In a poem that he wrote and gave me forty years ago, my friend Jack B wrote about what it was like to be an American Indian. For him, and for so many other American Indians, the experience was devastating. Treated like vermin, and discounted as if they had no identity, so many lost hope. As Palestinian psychiatrist Samah Jabr wrote in a recent article in The Palestine Chronicle, “one of the worst effects” of this kind of behavior “is the internalization of oppressing and the undermining of” a person’s (and a people’s) self-concept.” No one deserves to be treated that way.
Jack was my friend. He gave me the poem, then moved away. I never heard from him again. Here is his poem. – George Polley
Not to Be an American Indian
By Jack B
It is best not to be an American Indian
I will give it up.
I have examined that a kind of life and discovered
it is not worth living.
I will not ask to know the name of my ancestors’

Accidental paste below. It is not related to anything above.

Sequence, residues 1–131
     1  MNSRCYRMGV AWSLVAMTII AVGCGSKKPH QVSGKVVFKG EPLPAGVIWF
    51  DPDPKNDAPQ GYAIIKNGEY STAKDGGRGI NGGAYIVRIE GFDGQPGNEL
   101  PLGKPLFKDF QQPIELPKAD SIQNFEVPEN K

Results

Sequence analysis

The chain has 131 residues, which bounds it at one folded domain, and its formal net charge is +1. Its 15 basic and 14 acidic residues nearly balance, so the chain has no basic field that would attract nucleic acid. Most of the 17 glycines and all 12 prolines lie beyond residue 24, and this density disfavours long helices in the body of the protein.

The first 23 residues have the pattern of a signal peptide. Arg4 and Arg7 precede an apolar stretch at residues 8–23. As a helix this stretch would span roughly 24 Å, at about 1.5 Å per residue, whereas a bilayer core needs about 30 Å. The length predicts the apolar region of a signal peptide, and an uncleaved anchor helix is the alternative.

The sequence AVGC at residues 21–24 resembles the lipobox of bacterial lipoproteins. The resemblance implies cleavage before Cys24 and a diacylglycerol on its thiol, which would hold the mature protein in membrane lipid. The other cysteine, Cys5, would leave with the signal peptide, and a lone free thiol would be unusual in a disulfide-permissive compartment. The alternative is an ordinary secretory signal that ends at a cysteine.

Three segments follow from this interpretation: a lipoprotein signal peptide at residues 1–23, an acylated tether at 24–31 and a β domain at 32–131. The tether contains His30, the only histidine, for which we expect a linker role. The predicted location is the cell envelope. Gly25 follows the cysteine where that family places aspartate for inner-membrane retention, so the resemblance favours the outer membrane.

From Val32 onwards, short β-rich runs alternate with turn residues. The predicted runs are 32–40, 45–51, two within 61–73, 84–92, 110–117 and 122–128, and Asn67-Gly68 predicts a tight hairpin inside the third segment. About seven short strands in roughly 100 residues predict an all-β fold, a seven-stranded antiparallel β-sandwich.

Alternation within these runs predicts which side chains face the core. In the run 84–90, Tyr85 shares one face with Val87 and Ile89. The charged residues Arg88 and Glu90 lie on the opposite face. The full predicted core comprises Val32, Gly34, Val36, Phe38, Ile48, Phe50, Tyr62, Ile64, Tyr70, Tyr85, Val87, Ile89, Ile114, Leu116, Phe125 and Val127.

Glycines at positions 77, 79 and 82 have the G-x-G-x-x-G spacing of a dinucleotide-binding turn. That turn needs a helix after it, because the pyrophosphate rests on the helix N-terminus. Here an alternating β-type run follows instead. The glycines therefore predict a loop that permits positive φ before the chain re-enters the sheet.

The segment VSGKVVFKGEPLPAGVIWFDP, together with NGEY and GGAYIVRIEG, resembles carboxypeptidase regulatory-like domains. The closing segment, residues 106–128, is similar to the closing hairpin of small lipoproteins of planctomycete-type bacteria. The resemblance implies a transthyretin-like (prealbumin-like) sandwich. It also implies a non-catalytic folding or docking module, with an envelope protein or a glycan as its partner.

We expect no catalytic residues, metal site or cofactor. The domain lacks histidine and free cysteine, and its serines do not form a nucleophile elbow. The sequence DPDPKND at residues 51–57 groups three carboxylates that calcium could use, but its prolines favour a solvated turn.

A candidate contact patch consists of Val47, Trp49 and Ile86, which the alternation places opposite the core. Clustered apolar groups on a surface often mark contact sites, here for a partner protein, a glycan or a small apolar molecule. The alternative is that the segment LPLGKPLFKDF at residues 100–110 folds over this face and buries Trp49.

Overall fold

tribe, or what I must do.
I will pluck the inter eye of emotion.
I will sleep with white sex goddesses,
and never get involved.
I will never use the word love and care
for no one.
I will ask no one to care for me, so I will
never be homesick because I will have no home.
I will avoid solitude and never think of
When I die I don’t want to know what’s happening.
Who wants to root among burial grounds and
taste the bitter roots of the human heart,
only to find that autobiography is tragedy,
and that you are only one alone among many,
an inconsolable outcast.
Is there any more wine in that bottle?
– George Polley contributed this poem to PalestineChronicle.com.